Wednesday, 15 December 2010

Christmas special #10: Roast potatoes



Photo by Elena Heatherwick
 

There are two really key elements to getting roast potatoes right. And when I say right, I mean crunchy and brown on the outside and fluffy and creamy on the inside.

The first is to use the right kind of potato. You might be rolling your eyes at this, but I have met otherwise very good cooks who don't know what you need to use a floury potato for roast potatoes. I simply can't assume anything.

So, you need to use a floury potato, as opposed to a waxy potato. If you use a waxy potato for roasting you will end up with a tray of small, brittle cannon balls.

But what is a floury potato? In the shop, they will be labelled King Edward, Maris Piper or Desiree. If you are going to the shops for your floury potatoes and don't know off the top of your head which one you're supposed to be getting, write it down - because it won't say "floury" or "waxy" on that label thingy and what will happen is that you will get there and suddenly forget and be baffled by choice and I guarantee you will come home with the wrong potatoes.

I, personally, would allow 2 large or 3 smaller potatoes per person, because one should always overcater, especially when it comes to carbohydrate.

The second tip for good roasties is to par-boil them properly. Ideally, if you can, steam them rather than par-boil them in water. If you don't have a steamer, you can fashion one out of a colander and some tin foil for a lid. If this just seems like too much of a hassle then just boil them for 6-7 minutes.  But steaming does, I promise, make a huge difference.

So here we go. Some recipes say to use butter or olive oil to roast your potatoes - but I say that really is for vegetarians only. Use duck or goose fat for best, driest, crunchiest results.

Roast potatoes (with thanks to Jamie Oliver)

1 quantity of floury potatoes
1 or 2 tablespoons of fat
1 bunch sage
2 large cloves garlic, roughly chopped (optional)
salt and pepper

1 Peel the potatoes and cut each into six - or four if you want them bigger and aren't as much of a crunch fiend as me. Rinse under a tap to get rid of the starch and then parboil for 6-7 minutes or steam for 20-25. What you're looking for is some give around the edges of the potato, but still basically raw inside.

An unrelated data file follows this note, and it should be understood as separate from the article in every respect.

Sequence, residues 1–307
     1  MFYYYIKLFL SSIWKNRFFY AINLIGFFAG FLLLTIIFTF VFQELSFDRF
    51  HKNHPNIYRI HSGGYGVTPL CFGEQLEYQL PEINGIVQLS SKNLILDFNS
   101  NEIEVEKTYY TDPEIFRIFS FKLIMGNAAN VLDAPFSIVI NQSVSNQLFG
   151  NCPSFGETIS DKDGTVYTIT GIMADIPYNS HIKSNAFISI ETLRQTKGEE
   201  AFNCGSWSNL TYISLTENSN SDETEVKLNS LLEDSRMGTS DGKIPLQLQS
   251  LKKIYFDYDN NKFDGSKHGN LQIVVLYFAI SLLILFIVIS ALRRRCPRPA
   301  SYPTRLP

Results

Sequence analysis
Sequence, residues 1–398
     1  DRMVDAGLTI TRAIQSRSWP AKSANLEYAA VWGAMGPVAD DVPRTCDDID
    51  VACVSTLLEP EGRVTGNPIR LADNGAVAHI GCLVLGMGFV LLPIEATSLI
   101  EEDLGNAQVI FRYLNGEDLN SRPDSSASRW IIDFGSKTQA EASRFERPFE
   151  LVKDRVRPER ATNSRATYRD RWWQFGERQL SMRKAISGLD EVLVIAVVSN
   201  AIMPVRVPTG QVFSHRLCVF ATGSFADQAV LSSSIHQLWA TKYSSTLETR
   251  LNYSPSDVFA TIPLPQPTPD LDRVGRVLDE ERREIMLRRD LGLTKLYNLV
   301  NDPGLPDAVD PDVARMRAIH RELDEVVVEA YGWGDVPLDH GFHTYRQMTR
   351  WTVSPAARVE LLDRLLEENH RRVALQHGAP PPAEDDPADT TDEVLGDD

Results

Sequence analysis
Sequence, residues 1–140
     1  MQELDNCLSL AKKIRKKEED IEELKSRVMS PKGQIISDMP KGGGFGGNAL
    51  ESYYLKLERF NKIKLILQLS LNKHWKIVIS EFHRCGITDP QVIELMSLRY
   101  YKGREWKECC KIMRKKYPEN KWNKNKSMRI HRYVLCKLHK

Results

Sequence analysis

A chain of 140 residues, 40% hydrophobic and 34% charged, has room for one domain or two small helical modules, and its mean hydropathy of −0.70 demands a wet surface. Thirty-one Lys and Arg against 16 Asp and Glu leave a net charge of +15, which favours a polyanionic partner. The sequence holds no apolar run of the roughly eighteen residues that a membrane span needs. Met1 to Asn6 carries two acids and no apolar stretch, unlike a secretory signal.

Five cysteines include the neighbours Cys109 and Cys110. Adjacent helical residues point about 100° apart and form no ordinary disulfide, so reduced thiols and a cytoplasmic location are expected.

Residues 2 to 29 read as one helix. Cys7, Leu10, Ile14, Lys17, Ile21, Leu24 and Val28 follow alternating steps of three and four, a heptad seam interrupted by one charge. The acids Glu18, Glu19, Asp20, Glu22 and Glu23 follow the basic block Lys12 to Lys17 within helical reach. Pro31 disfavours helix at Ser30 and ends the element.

2 Once they're done, rattle the potatoes around in whatever container they were cooking in to rough up the edges. Leave to cool down for about 10 mins.

3 Meanwhile, turn the oven on to 190C and bung in a baking tray with 2 tablespoons of fat in it to melt. Once that's melted, put in your potatoes and then shift them around carefully to cover in the fat. Season generously - two or three big sprinkles of sea salt and eight twists of the pepper grinder - and bake for 30 mins.

4 After 30 mins, check out the fat situation. There should be about a 1-2mm layer in the bottom of the pan. If there's more than that, pour it off. Now take the back of a spoon or a potato masher and very gently press the potatoes. What you're looking to do here is increase the roughness of the edges and the surface area so you get a lot of crunchiness. You're not looking for mashed potatoes. If this kind of thing freaks you out, it's not essential, so give it a miss.

At this stage you may well feel a bit despondent about your potatoes. You might look at them and think "soggy". But don't worry - they'll turn out okay.

Again, carefully rearrange the potatoes around in the fat to re-coat and sprinkle over sage and the garlic. I'm not actually too sure about the garlic. My husband says they're brilliant garlicky, but if you're not certain about introducing such a strong Frenchie flavour into your Christmas lunch/dinner, leave it out and they'll still be delicious.

5 Stick the tray back in the oven for 40 mins, but keep an eye on them and open the oven door to have a look after 30 mins.

You can leave these to drain on greaseproof paper if you like, but I didn't find it neccessary with mine.

6 comments:

  1. I do mine much the same, but at the "roughing up" stage, I add a tablespoon of semolina (as suggested by Nigella) and they are brilliantly crunchy.

    Julia X

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  2. Hi Esther

    Interested in the idea of steaming rather than parboiling. I may have a dry run at the weekend. Do you think you can steam them ahead of time so there is one less job to do?

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  3. I was wondering on what you thought about the M&S "Terribly Clever" roast potato seasoning approach?

    I know it's just basically semolina (which makes the "terribly clever" bit, M&S' achievement in actually getting people to pay a quid for a small packet of semolina) but I've heard Nigella Lawson rave about adding semolina to her roasties and wondered if you'd tried it?

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  4. Aha, how brilliant, Julia Ball has answered your question, Henry. Sounds like it works.

    Jayne - I think it depends on how far ahead of time you want to do it. A couple of hours ahead is probably okay, but the day before probably not.

    I always worry about stuff going brown if you do it in advance, but I think the steaming/parboiling prevents that.

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  5. I've tried semolina and it's perfectly pleasant with a nice sweet, nutty flavour. But it's not "perfect roast potatoes" as I know them.

    As it happens I've just written such an article on my site - Esther our methods seem to line up very nicely :-)

    http://roastpotato.wordpress.com/perfect-roast-potatoes/

    Gary

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  6. I also add quarters of an orange. Together with the sage they make a really great Christmassy flavour!

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